Pak's amendment bill on enforced disappearances inadequate to curb menace, says opposition leader

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Representative Image
Representative Image

Islamabad [Pakistan], June 26 (ANI): Pakistan Peoples' Party (PPP) secretary-general Farhatullah Babar has said that the recent bill introduced by the Imran Khan-led government to curb the practice of enforced disappearances would not end the menace as it requires further deliberation and amendment.

In a statement on Thursday, the PPP secretary-general cautioned against rushing through the bill and called for inviting all stakeholders to the relevant standing committee of the National Assembly or holding public hearings, reported Dawn.

He also said that over the chaos on the legislation for Electronic Voting Machines (EVMs), an amendment bill introduced by the interior minister escaped public attention and scrutiny.

According to Babar, the amendment bill sought to amend some provisions of the Pakistan Penal Code (PPC) and the Code of Criminal Procedure (CrPC), adding that it was quickly referred to the relevant committee without any discussion.

Enforced disappearances must be treated as a separate autonomous crime and a separate legal mechanism was needed for taking up complaints, holding perpetrators accountable and providing for compensation to the aggrieved families, he mentioned.

"A holistic approach is needed. Legislation needs to be made to determine the mandate of the ISI, provide guarantees that anyone deprived of liberty is kept at a fully authorised place of detention, provide protection to victims, their families and witnesses and also compensation to them," Babar said.

"Ratification of the international convention for the protection of all persons against enforced disappearances should also form part of the new legal architecture to address the issue," he further suggested.

The opposition leader also said that any legislation must be piloted by the human rights ministry instead of law enforcing ministry because of fundamental differences in their outlooks and approaches to the issue.

Last month, in its first-ever "Joint Communication" from the UN Special Rapporteurs, eight different UN human rights bodies have formally inquired about the enforced disappearances of people in Pakistan from Prime Minister Imran Khan's government, putting a seal on Pakistan's indictment on the issue.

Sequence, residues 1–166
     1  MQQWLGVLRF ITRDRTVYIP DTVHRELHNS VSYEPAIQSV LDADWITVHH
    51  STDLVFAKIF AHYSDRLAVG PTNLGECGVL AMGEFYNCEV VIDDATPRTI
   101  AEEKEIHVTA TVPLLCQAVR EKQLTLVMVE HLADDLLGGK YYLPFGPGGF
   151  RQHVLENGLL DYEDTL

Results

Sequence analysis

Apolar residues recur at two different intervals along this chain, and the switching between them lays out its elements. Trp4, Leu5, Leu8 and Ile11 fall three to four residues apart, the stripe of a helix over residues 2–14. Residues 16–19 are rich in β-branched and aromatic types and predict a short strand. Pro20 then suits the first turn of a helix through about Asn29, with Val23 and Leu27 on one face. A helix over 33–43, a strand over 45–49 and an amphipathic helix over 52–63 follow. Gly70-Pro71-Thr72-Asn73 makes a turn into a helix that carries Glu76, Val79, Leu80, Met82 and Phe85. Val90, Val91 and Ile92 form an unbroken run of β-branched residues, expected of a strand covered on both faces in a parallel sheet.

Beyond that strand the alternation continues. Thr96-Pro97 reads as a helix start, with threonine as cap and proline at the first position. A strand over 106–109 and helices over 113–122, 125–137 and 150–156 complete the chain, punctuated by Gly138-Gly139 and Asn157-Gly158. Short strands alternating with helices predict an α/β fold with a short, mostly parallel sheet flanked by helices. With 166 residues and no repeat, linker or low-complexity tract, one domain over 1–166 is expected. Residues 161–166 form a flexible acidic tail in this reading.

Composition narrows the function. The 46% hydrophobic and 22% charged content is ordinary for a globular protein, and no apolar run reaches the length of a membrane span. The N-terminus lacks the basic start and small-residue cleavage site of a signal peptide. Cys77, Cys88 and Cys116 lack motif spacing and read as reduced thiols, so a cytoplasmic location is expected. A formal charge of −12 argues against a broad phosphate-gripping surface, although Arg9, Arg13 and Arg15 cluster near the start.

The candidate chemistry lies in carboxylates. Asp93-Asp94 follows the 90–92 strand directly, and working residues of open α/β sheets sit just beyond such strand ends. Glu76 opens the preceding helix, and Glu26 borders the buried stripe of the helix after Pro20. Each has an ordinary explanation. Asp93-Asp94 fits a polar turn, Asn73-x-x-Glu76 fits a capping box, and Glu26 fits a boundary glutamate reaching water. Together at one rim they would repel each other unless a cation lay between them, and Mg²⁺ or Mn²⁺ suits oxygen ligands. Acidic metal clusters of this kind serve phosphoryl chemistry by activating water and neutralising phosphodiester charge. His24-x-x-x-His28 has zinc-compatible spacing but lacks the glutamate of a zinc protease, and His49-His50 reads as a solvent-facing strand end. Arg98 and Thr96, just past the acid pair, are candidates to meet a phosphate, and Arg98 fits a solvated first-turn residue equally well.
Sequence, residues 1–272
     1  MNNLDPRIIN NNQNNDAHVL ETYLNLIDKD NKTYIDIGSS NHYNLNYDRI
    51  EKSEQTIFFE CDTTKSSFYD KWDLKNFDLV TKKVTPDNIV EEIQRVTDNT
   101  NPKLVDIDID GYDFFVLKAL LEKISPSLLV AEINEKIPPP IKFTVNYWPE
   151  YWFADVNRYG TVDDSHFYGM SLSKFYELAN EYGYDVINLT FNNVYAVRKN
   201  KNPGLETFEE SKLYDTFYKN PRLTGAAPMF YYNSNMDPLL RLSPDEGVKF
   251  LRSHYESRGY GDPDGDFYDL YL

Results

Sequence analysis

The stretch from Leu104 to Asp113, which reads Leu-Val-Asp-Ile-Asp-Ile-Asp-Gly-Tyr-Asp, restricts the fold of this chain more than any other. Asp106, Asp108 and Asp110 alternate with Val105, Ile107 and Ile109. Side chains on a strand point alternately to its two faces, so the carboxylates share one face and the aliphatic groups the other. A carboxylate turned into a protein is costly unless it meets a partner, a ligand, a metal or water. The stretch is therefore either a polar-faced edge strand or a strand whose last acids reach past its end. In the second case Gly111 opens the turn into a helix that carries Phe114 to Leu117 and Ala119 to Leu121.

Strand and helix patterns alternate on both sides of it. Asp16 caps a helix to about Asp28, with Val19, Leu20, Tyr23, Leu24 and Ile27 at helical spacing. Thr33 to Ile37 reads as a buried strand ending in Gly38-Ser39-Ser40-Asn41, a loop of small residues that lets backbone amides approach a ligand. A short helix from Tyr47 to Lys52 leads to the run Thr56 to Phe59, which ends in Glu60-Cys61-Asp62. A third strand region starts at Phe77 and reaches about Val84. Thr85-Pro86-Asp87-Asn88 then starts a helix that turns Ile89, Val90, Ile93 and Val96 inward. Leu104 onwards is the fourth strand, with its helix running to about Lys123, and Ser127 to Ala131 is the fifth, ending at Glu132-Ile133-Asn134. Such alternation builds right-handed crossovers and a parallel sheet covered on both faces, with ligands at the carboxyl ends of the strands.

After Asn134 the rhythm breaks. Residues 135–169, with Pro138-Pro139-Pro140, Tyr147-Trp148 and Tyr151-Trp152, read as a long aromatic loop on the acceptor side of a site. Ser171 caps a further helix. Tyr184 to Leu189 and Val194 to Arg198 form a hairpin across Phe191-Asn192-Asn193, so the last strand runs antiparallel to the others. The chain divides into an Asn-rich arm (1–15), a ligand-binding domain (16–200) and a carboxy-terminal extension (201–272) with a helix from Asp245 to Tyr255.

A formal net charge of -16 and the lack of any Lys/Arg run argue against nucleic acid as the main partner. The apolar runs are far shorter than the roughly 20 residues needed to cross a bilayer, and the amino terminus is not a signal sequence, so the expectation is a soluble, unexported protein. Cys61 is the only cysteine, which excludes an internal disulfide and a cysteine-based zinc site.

"...we would like to bring to the attention of your Excellency's Government information we have received concerning what appears to be a pattern of steady increase in the number of enforced disappearances of persons belonging to minorities, especially Sindhi minorities, of political activists, journalists and human rights defenders, in the province of Sindh, Pakistan," the communication read.

"In relation with these practices, there appears to be an apparent pattern of impunity, resulting from the persistent lack of effective and prompt investigations and the failure to bring perpetrators to justice," it added.

As in preceding years, Pakistan witnessed substantial human rights violations in 2020, from forced conversions of religious minorities and crimes against women to enforced disappearances and curbs on freedom of expression, the Human Rights Commission of Pakistan (HRCP) has said in its annual report last month.

On the issue of enforced disappearances, the report said, "Since the inception of the Commission of Inquiry on Enforced Disappearances (COIED), Khyber Pakhtunkhwa has topped the list in terms of numbers of missing persons. At end-December 2020, the total number of cases registered in the province stood at 2,942."

Enforced disappearances have been a long stain on Pakistan's human rights record. Despite the pledges of successive governments to criminalise the practice, there has been a very slow movement on legislation, while people continue to be forcibly disappeared with impunity.

Enforced disappearance has been used as a tool by the Pakistani state to silence the minority communities. While countless abductees have been killed, many of them are still facing inhuman torture in army secrets cells. (ANI)

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